The federal government’s new Canada Student Service Grant (CSSG) has attracted attention because of the government’s highly unusual decision to offer a $900 million contract to a charitable organization with ties to the Trudeau family, but no experience in program delivery.
But even now that WE Canada has withdrawn from the contract, CUPE’s concerns about the CSSG remain. The program as it is currently structured will pay students an hourly wage that is significantly below minimum wage and creates incentives for employers to evade responsibilities regarding pensions, benefits, and working hours.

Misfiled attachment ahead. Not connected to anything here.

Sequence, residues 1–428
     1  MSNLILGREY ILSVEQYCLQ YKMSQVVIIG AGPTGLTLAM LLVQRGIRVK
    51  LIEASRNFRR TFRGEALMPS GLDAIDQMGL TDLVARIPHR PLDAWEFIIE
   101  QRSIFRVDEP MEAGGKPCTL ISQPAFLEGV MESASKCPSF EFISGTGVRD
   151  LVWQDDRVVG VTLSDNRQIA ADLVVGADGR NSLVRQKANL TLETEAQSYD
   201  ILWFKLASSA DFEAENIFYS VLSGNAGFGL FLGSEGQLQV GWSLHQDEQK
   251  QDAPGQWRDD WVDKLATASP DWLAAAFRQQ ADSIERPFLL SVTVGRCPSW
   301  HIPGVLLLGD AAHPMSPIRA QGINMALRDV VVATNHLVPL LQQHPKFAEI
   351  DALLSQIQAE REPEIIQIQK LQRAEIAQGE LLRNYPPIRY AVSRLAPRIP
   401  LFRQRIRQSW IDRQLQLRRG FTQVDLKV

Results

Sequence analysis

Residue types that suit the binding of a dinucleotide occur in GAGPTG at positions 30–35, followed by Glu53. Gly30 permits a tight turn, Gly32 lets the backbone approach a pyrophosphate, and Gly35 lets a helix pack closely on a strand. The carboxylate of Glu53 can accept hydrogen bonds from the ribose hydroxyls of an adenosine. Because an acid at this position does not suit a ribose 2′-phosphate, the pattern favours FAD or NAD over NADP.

Students are desperate for financial support, as they face high tuition bills but are unable to find work due to the global pandemic. The new Canada Emergency Student Benefit provides some support, but pays less than the Canada Emergency Response Benefit, even though students don’t get a discount on food and housing costs. We shouldn’t be taking advantage of that desperation to replace paid jobs with volunteer positions that offer less than minimum wage.
Instead, the federal government should provide an immediate boost in funding to the Canada Summer Jobs program, in addition to allowing public entities to qualify for the Canada Emergency Wage Subsidy program. This would allow many public sector employers, such as municipalities and post-secondary institutions, to hire students for seasonal jobs.